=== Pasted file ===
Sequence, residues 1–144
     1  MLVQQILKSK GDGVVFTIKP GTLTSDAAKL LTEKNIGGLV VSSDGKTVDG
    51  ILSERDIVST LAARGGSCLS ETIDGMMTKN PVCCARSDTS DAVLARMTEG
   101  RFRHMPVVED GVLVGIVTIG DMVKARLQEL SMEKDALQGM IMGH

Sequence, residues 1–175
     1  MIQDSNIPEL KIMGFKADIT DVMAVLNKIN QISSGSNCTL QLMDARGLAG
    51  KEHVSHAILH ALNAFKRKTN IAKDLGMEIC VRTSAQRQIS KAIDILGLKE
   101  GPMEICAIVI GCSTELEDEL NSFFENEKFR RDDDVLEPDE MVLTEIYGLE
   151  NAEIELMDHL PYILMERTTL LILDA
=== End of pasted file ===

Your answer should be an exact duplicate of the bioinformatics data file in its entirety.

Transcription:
Sequence, residues 1–144
     1  MLVQQILKSK GDGVVFTIKP GTLTSDAAKL LTEKNIGGLV VSSDGKTVDG
    51  ILSERDIVST LAARGGSCLS ETIDGMMTKN PVCCARSDTS DAVLARMTEG
   101  RFRHMPVVED GVLVGIVTIG DMVKARLQEL SMEKDALQGM IMGH

Sequence, residues 1–175
     1  MIQDSNIPEL KIMGFKADIT DVMAVLNKIN QISSGSNCTL QLMDARGLAG
    51  KEHVSHAILH ALNAFKRKTN IAKDLGMEIC VRTSAQRQIS KAIDILGLKE
   101  GPMEICAIVI GCSTELEDEL NSFFENEKFR RDDDVLEPDE MVLTEIYGLE
   151  NAEIELMDHL PYILMERTTL LILDA